Export-focused powder facility will be built in Turlock, Calif.
by Dennis Halladay, Hoard's Dairyman Western Editor
California's shortage of milk processing capacity got a shot in the arm yesterday with the announcement by Hilmar Cheese Company that it will build a new dry products manufacturing plant in Turlock, Calif.
The new facility has not yet broken ground, but is expected to begin receiving milk in late summer 2015. It will be the company's third milk processing plant and first powder exports-specific facility. Hilmar currently operates cheese plants in Hilmar, Calif., and Dalhart, Texas.
The new plant will focus on making products configured to meet the needs of existing and future buyers in China and other Asian markets. Its close proximity to the Port of Oakland permits fast shipping of its output, and the site is already pre-permitted for a milk plant.
The new facility will be built on a 23-acre site within the western city limits of Turlock, across the street from a California Dairies, Inc., processing facility and just five miles north of the Hilmar home offices and cheese plant. Daily milk processing capacity will be 2.5 million pounds per day in its initial phase, with adequate site capacity for a second phase of approximately the same volume.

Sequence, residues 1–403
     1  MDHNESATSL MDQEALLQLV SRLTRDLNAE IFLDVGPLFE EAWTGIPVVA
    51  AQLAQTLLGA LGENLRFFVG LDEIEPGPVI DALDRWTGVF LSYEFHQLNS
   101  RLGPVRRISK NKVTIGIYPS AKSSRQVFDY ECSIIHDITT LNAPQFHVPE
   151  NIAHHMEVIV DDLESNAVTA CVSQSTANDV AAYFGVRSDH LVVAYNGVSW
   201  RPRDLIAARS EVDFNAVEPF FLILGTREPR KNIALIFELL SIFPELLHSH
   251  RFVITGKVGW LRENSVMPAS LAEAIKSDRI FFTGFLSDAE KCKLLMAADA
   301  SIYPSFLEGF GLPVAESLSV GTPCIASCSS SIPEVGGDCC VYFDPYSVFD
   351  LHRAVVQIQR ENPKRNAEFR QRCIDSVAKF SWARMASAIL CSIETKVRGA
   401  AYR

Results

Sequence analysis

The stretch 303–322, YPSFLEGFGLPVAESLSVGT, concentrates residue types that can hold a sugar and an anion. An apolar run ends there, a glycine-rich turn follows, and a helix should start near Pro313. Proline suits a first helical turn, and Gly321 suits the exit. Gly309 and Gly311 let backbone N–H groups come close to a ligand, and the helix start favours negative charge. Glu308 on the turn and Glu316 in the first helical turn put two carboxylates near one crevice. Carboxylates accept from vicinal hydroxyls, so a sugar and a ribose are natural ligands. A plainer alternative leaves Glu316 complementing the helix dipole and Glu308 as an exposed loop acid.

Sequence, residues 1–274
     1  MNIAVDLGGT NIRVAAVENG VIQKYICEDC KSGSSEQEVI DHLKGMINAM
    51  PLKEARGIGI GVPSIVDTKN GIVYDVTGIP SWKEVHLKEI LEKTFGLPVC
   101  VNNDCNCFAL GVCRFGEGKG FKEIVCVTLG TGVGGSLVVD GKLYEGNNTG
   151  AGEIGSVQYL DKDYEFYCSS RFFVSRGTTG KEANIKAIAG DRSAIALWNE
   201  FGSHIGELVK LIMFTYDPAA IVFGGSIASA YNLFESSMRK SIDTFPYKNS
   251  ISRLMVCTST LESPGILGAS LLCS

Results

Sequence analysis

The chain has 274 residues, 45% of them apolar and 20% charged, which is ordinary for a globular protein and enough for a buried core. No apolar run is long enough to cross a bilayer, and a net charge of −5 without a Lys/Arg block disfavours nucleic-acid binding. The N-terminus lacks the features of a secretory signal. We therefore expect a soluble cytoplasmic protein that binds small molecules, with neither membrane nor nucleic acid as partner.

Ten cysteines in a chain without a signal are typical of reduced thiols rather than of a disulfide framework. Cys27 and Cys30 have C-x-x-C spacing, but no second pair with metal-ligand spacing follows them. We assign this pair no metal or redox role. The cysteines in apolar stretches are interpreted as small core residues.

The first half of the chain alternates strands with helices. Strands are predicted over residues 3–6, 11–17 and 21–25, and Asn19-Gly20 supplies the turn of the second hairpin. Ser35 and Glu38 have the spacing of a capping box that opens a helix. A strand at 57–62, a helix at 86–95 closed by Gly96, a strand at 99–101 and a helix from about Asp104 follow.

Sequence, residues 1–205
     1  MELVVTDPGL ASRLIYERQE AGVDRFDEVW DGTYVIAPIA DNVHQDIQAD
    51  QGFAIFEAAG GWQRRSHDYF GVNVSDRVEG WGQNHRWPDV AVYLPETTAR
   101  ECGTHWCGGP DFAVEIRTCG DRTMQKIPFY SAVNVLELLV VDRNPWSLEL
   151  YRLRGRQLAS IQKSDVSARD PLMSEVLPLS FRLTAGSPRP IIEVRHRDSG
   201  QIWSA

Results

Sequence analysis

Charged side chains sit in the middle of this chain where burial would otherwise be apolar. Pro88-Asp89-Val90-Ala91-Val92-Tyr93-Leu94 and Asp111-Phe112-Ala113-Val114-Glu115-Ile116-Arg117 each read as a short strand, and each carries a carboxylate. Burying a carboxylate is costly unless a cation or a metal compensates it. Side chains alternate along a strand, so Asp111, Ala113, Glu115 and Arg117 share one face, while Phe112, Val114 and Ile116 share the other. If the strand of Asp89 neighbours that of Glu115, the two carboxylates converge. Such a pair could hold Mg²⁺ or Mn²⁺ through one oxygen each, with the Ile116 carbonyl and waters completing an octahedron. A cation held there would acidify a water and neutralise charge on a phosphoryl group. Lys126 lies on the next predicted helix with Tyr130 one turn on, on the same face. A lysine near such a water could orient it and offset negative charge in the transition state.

The decision to build a new plant in California is a sharp contrast to the company's decision in 2005 to build a new cheese plant in Texas. Hilmar CEO John Jeter says that is because of both the products and the primary markets involved.
"A big issue in selecting this site was the availability of markets to the west," he explains. "When the decision was made to go to Texas, we needed to get closer to our customers on the East Coast. Sixty-five percent of the U.S. population is still east of the Mississippi River. The focus of this new plant is not on those customers, but on export markets to the west."
The author has served large Western dairy readers for the past 36 years and manages Hoard's WEST, a publication written specifically for Western herds. He is a graduate of Cal Poly-San Luis Obispo, majored in journalism and is known as a Western dairying specialist.
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